Typical cross sections of permanent deformations. Figures 8 through 12 show typical cross sections of permanent deformation for each test item at various pass levels. Figures 8 through 12 indicate that the various items experienced a small degree of upheaval (negative deformation) under the applied traffic. The effects of the channelized traffic is evident by the two distinct wheel paths in each cross section. Distributed traffic would typically result in a more uniform bowl-shaped permanent deformation. Distributing the traffic across the full width of the traffic lane would probably have eliminated much of the upheaval experienced. Figures 11 and 12 show the rutted condition of both the reinforced and unreinforced plastic mesh mat after only 20 passes. The permanent deformation plots show that the aluminum hexagonal mat performed well under the applied traffic. The fiberglass reinforced mat exhibited the second best performance, followed by the plastic hexagonal mat. Both plastic mesh mats performed poorly.
Photo 16 shows the post-traffic condition of items 4 and 5. Both of these mesh mat items were in poor condition and would not have supported the 5,000 truck passes without the sand maintenance applications described earlier. Photo 13 illustrates the posttest condition of the control item (item 6). Items 1 through 3 provided adequate structural support to withstand the application of 5,000 truck passes. The aluminum hexagonal mat performed well throughout the evaluation period. The only maintenance required consisted of reseating the edge panels by applying two truck passes along the edge of the traffic lane. Additionally, the holes in the top of the aluminum hexagonal panels permitted the sand subgrade to pump onto the surface of the item. The ½-in. layer of pumped sand at traffic completion presented no problem to trafficking the item. Photo 17 illustrates the post-traffic condition of item 1, the aluminum hexagonal mat. The plastic hexagonal mats in item 2 performed adequately with only one panel being damaged. The damaged panel was located at the interface with item 3, the fiberglass-reinforced mat. Photo 18 shows the post-traffic condition of the plastic hexagonal mat (item 2), and Photo 19 shows the damaged panel. The pumping of the sub grade material was not as evident in item 2 due to the lack of holes in the plastic hexagonal mat. Item 3, the fiberglass-reinforced mat, provided sufficient structure to support the applied traffic. Five of the connecting bolts in the mat came out during the experiment. The threads in the nut plates were stripped out. Photo 20 presents the condition of the fiberglass-reinforced mat section (item 3) following the termination of traffic. The aluminum hexagonal mat, plastic hexagonal mat, and fiberglass-reinforced mat were serviceable and reusable following the completion of the traffic evaluation period.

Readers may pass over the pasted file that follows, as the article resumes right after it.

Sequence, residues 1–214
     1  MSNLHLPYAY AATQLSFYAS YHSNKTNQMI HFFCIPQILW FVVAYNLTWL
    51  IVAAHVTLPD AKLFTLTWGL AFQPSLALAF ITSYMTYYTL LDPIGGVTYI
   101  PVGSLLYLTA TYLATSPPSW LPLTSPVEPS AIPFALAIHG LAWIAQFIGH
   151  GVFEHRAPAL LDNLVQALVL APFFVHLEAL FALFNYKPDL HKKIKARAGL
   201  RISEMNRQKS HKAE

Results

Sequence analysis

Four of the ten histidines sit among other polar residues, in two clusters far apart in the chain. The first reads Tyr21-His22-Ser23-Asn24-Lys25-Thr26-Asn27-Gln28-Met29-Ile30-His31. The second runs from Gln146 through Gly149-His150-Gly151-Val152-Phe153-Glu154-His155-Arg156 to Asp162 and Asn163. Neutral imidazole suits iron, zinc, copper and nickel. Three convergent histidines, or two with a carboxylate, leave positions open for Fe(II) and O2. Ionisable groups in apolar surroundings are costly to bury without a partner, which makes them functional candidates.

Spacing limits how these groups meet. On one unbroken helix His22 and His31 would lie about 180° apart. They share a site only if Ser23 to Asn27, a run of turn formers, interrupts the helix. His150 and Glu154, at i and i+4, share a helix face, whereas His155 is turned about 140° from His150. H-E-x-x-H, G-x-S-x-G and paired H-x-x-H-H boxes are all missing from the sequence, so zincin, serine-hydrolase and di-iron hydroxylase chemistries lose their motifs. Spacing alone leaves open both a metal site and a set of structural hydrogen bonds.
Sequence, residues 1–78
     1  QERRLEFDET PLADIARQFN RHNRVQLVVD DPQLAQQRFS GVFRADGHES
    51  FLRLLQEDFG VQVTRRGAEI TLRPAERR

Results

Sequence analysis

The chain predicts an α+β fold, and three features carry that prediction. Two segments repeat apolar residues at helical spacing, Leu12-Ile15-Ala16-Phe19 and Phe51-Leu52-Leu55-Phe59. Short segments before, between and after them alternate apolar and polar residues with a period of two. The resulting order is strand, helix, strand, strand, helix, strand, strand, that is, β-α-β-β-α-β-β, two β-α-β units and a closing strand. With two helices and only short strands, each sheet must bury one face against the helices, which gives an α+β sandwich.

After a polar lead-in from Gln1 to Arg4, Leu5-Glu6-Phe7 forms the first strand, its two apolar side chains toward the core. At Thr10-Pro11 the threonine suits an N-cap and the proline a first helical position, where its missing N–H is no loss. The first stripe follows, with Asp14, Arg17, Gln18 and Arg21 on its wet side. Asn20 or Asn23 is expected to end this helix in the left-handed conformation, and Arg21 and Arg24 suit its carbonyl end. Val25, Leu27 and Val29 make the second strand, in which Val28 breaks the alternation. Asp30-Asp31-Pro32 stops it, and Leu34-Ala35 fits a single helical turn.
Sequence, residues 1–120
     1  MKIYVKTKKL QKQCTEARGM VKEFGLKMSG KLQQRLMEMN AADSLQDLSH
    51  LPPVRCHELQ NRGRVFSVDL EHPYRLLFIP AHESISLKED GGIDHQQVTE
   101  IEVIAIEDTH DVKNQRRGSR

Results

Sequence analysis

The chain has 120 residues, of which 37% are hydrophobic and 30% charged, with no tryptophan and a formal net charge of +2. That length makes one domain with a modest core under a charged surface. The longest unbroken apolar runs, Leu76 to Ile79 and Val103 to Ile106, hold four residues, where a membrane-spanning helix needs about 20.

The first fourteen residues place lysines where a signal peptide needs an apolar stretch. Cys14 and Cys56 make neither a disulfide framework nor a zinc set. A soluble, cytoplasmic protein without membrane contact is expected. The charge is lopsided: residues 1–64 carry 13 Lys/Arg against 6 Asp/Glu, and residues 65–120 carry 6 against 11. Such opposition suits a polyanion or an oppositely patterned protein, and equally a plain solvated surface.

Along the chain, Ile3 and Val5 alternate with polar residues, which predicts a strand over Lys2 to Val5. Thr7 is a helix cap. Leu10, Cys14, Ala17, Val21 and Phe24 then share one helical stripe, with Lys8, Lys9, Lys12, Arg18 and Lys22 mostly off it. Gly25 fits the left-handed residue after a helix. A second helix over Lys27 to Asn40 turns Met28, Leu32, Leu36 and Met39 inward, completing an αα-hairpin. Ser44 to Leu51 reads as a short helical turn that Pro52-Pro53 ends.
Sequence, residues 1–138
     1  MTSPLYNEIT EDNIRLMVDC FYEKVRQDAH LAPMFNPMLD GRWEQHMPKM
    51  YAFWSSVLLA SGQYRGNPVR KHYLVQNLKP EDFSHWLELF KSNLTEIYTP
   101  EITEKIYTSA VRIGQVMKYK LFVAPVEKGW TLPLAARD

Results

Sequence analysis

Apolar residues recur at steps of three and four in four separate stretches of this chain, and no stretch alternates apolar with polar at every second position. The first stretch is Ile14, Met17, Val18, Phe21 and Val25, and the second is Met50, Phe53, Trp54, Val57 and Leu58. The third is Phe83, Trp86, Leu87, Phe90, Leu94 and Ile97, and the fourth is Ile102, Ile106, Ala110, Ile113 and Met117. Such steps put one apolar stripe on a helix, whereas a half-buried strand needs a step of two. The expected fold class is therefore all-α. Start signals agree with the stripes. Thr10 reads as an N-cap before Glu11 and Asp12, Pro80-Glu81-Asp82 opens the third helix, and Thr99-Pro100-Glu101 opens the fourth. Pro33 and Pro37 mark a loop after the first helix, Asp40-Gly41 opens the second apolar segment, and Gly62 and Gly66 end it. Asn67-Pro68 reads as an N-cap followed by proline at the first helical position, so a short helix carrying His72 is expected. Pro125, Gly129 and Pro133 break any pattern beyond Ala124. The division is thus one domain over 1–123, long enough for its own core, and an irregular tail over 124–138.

The following analysis and conclusions are based solely on the performance of the selected mats under the test conditions presented in this report. The tests did not include braking or turning traffic conditions.
All the mats evaluated can be installed directly on a leveled sand subgrade. The rate of installation of the mats evaluated varies by type; however, only two members of construction personnel are absolutely required for all the mats evaluated. The installation of the fiberglass-reinforced mat was particularly meticulous. The process of tightening the threaded bolts in sandy conditions was tedious. A wax or grease lubricant was required to prevent sand from clogging the lower bushings. Redesigning the mat so that there is only one panel size and the use of a “pop-in” nylon connecting pin would greatly improve the installation rate of the mat. Figure 13 presents the proposed design of the fiberglass-reinforced mat panel and the “pop-in” nylon connector. The two hexagonal mats require no specialized tools or skills to install. The current design of the fiberglass-reinforced mat requires a mechanical wrench or power impact wrench to install and a lubricant for the lower bushing. Both plastic mesh mats require some form of connector to connect the panels. 3M cable ties were used in this experiment and performed adequately under the limited traffic.